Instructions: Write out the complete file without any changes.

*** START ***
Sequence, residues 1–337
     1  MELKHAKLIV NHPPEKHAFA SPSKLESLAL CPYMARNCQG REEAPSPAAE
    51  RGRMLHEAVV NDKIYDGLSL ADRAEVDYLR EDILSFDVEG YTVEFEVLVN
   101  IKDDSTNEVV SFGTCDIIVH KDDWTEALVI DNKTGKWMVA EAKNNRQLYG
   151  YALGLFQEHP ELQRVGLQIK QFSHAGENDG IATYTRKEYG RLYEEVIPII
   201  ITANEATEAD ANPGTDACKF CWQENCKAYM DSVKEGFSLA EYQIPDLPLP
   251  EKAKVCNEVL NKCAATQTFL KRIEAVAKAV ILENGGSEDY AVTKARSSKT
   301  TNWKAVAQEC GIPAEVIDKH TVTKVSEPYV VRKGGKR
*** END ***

Sequence, residues 1–337
     1  MELKHAKLIV NHPPEKHAFA SPSKLESLAL CPYMARNCQG REEAPSPAAE
    51  RGRMLHEAVV NDKIYDGLSL ADRAEVDYLR EDILSFDVEG YTVEFEVLVN
   101  IKDDSTNEVV SFGTCDIIVH KDDWTEALVI DNKTGKWMVA EAKNNRQLYG
   151  YALGLFQEHP ELQRVGLQIK QFSHAGENDG IATYTRKEYG RLYEEVIPII
   201  ITANEATEAD ANPGTDACKF CWQENCKAYM DSVKEGFSLA EYQIPDLPLP
   251  EKAKVCNEVL NKCAATQTFL KRIEAVAKAV ILENGGSEDY AVTKARSSKT
   301  TNWKAVAQEC GIPAEVIDKH TVTKVSEPYV VRKGGKR